“But is Indian thought really philosophy?”

We can answer the question “What is it?” for a religion or worldview by proceeding either sociologically or doctrinally. […] In philosophy, for example, the question “But is it philosophy?” can be not so much a question about the boundaries of the discipline taken doctrinally as it is a rejection of any approach not already favored by the elite in power, In that case, the genus within which the question “But is it philosophy?” falls is not philosophy but rather politics, or maybe even just bullying. (Eleanore Stump 2013, pp. 46, 48).

What to do, then? Doctrinally, one can try to explain that it is indeed philosophy (use of syllogistic arguments, argumentative style, dialogues, interest in logic…). This will probably not be enough, so that one might want to go for the sociological approach:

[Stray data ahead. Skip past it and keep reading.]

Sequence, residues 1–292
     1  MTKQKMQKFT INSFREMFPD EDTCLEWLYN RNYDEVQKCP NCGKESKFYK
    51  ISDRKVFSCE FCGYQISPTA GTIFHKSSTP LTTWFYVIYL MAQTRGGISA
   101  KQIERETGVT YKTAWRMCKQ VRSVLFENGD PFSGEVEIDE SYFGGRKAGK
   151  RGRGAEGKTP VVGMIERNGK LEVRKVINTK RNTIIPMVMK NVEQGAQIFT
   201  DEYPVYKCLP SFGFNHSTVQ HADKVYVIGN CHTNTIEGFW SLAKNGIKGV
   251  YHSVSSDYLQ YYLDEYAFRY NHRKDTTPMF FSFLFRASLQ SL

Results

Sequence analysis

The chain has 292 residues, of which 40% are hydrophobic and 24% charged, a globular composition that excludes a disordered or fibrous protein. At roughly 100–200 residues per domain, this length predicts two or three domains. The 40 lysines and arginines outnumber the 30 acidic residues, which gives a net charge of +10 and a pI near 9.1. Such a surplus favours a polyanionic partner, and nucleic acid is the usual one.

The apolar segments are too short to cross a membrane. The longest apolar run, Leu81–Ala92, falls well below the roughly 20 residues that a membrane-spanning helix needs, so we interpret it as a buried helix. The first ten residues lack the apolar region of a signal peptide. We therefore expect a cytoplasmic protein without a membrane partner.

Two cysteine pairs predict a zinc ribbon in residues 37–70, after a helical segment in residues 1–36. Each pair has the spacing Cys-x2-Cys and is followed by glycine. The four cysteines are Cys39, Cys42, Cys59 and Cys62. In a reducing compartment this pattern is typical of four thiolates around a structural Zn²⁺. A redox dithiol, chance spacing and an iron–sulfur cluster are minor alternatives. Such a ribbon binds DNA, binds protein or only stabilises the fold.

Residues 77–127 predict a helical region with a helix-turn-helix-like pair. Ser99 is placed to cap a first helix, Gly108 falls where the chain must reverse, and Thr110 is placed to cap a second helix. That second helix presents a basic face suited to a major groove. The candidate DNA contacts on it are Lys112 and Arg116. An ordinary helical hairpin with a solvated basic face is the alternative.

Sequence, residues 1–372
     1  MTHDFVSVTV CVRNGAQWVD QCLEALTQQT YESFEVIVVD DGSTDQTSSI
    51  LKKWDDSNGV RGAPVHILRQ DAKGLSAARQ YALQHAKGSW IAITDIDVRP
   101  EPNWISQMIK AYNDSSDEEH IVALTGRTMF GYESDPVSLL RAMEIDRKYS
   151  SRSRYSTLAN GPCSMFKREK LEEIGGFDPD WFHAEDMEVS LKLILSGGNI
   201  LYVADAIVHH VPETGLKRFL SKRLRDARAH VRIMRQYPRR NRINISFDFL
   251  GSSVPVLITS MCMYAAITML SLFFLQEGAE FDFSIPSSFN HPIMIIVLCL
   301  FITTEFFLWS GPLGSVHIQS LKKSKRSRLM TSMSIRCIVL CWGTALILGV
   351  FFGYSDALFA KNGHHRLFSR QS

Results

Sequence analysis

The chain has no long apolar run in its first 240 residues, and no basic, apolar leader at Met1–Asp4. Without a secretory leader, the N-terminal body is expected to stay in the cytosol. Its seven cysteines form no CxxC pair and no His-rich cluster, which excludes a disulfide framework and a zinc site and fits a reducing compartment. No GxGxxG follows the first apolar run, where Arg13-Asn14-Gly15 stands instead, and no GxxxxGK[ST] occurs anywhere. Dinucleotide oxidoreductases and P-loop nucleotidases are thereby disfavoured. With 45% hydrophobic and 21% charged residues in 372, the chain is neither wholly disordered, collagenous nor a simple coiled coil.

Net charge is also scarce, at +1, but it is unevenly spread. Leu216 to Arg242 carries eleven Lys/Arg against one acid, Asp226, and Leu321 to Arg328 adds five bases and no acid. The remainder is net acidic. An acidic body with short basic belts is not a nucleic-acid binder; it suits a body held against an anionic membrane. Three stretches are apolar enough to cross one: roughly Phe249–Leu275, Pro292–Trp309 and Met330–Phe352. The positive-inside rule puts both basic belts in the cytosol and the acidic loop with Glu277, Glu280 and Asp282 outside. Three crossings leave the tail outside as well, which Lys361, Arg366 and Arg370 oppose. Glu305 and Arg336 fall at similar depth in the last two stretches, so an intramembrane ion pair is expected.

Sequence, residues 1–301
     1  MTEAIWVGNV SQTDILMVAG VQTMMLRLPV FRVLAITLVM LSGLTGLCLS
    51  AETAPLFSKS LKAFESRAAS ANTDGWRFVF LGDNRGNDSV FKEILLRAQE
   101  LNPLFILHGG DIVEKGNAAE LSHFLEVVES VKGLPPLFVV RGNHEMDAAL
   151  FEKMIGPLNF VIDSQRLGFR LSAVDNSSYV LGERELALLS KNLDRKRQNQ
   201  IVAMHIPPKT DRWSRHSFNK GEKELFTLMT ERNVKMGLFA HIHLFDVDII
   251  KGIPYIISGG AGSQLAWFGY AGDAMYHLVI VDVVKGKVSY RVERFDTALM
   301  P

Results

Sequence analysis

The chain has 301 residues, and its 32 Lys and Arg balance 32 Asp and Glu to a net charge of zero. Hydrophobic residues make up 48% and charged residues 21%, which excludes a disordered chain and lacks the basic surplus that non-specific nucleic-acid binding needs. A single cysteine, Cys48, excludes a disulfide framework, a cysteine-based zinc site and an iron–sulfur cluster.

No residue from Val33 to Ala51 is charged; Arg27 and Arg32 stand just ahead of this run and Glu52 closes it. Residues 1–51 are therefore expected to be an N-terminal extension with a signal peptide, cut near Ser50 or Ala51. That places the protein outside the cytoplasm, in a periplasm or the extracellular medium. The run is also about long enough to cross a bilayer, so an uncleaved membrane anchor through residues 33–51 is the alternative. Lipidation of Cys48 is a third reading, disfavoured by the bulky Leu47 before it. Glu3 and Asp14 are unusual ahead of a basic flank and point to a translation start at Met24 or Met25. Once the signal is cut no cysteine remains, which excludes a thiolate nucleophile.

In that case, the right response to the challenge “But is it philosophy?” is this: “well, I’m a philosopher, and this is what I believe and do as a philosopher.” (p. 47)

In this sense, public figures like Ganeri are probably very influential through their sociological impact (“he appears to be a philosopher, so what he does must be philosophy”) beside through their written work.
As for this blog’s mission, should we focus on acquiring the sociological status of “philosophers”, beside continuing to focus on understanding Indian philosophy and trying to convey how interesting it is?

(cross-posted on the Indian Philosophy Blog, where you can read also some interesting comments)

Comments and discussions are welcome. Be sure you are making a point and contributing to the discussion.

Leave a Reply

Your email address will not be published. Required fields are marked *

One thought on ““But is Indian thought really philosophy?”